Cooking in a crisis: Do you need a crisis cooker?

In an extended power outage, one of the most valuable commodities is cooking and heating fuel.

Cooking during a disaster, without an electric or gas kitchen stove, is easy to do if you are prepared. For instance, if you use a wood stove or fireplace insert for heating purposes, it can easily double as a crisis cooker during an emergency.

To come up with an effective crisis cooker, you will need a good set of cast iron pots and pans.

Wood burning cookstoves

Wood burning cookstoves are getting harder to find, but they are very handy during a power outage. While the heat from a wood cookstove is welcome in the winter, it would be most unwelcome in hot weather.

Planning to cook with a generator as your only energy source during an emergency is not a good idea because of the expense and the probable scarcity of the fuel to run it. You may also not want the attention that a running generator will attract in an economic collapse.

What about campfires?

Cooking outdoors on an open fire is relatively safe and is a great way to spend time with your family before a disaster and its ramifications.

It is also a good way to learn how to cook on a campfire. Dig a small pit to build the fire in and stack rocks around the edges of it. Place an oven rack or metal grate on the rocks to hold a frying pan or cooking pot.

Again, you will need a good set of cast iron pots and pans for cooking on an open fire. This is a critical advantage of storing foods in metal cans. In an emergency, you can just open the can and place it on the grate or on a rock near the fire. Since the food is already cooked, simply warm it up and it is ready to eat, right out of the can if necessary.

Dutch Oven as a Crisis Cooker

You can also use a dutch oven, which is a heavy-duty cast iron pot with a matching lid. If you decide to purchase a dutch oven, be sure and get the lid handle, which is often sold as a separate accessory. It is well worth the extra couple of bucks because it is very handy.

Once a good bed of coals is established, dig a shallow hole about the diameter of your dutch oven, shovel a few hot coals into the hole, cover them with about an inch of ashes, and set your food-filled dutch oven in place.

Next, shovel about an inch of ashes onto the lid, add some hot coals, and cover them with a few more ashes as well. It will take practice to regulate the cooking times and temperature, and to avoid scorching the dutch oven contents.

The right time to start practicing your dutch oven expertise is now, not after an economic collapse. Robert L. Ririe has written several good books on the subject of dutch oven cooking, such as Let’s Cook Dutch and Doin’ Dutch Oven.

There are several other options for use as emergency cooking stoves: the propane grill, charcoal grill, sterno folding stoves, or camp stoves.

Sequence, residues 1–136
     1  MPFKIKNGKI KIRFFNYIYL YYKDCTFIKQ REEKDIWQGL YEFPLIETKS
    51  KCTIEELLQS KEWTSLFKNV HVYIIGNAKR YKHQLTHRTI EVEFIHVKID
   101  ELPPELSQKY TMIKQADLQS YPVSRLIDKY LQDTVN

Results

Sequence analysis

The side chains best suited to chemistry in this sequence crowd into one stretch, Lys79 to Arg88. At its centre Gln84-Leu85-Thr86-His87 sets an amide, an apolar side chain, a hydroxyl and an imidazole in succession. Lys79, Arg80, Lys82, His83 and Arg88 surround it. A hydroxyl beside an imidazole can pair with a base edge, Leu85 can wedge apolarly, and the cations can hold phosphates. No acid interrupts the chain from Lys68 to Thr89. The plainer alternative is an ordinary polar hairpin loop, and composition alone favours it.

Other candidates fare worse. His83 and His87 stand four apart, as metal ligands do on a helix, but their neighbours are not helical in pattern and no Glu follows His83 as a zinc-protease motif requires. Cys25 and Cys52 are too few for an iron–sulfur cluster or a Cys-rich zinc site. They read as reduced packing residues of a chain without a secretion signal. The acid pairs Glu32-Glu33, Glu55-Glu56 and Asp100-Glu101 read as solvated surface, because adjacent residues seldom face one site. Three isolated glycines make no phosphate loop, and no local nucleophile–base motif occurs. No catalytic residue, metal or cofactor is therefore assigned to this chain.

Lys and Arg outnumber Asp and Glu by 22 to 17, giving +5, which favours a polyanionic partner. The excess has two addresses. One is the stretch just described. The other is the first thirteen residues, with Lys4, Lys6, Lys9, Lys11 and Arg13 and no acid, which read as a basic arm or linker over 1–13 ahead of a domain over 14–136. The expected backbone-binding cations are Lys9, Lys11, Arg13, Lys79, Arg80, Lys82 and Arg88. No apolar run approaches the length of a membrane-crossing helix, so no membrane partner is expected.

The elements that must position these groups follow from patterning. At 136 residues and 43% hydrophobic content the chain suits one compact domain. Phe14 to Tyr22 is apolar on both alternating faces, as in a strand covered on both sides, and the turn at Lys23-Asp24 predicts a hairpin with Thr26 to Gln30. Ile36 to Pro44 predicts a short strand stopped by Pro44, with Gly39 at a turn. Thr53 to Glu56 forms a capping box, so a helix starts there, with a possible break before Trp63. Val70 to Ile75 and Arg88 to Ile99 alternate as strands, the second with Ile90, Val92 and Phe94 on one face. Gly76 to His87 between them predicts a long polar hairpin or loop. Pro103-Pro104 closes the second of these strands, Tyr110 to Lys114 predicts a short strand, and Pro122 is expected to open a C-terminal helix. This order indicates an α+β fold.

A propane, kerosene, or dual fuel Coleman stove can be brought inside and used for cooking in well-ventilated rooms, but should never be used to heat a room.

Never use an outdoor grill, either gas or charcoal, indoors for any reason. If an accidental fire doesn’t get you, the carbon monoxide certainly will.

Fuel Choices

An important choice in choosing the best emergency stove, especially for the aftermath of a disaster, is the type of fuel it burns.

Some people prefer the dual fuel model (such as the Coleman dual fuel stove) over the propane because the stove is a bit cheaper and the fuel is quite a bit cheaper. Like the lanterns, the dual fuel stove burns white gas or unleaded gas.

A down side is that you have to frequently pump air pressure into the fuel tank with a small plunger on the dual fuel stove, which can be unhandy in the stress of a crisis.

One gallon of fuel will cook at least 8-10 meals. Another major advantage of dual fuel camp stove is fuel availability.

However, our personal favorite emergency stove remains the propane model. The small one pound propane bottles are very convenient and handy, they aren’t nearly as messy as gasoline, they seem to burn cleaner, and they can be interchangeably used with the Coleman propane lanterns.

Interchangeability of fuel between cook stoves is not only convenient, but can be critical in a disaster.

With the proper fittings you can also use a 20 lb. bottle, like the one on your outdoor grill, to fuel your propane camp stove.

Additionally, you can stockpile propane bottles and store them indefinitely in your emergency preparations, which is a big advantage over dual fuel stoves.

We also feel that propane stoves are safer than white gas stoves because there is less chance of the fuel getting knocked over and catching fire to your home while you are refueling the stove. For this reason, refueling white gas stoves should always be done outside.

Important points to remember when choosing a survival stove

  1. Kerosene cook stoves are a good option for emergency planning because they work well, cost about the same price, and the fuel is easy to find, odorless, cheap, and efficient.
  2. Cooking on a camp stove outdoors is a lot easier if you have a small table, a stump, or something else to set it on. As always, follow safety instructions and have a fire extinguisher handy.
  3. Fuel should be stored some place other than your house because of the fire hazard posed, and because it can contaminate your food and water stores.
  4. Special attention should be paid to storing fuels in appropriate containers. Fuel is critical to your survival and in a shortage, it will be one of the first things to get scarce whether you live in town or in the country. It is hard to overstate the importance of storing fuel for warmth, lighting, and cooking.

We would like to hear your say. Which are your favorite portable stoves for emergencies? Leave us a comment below.

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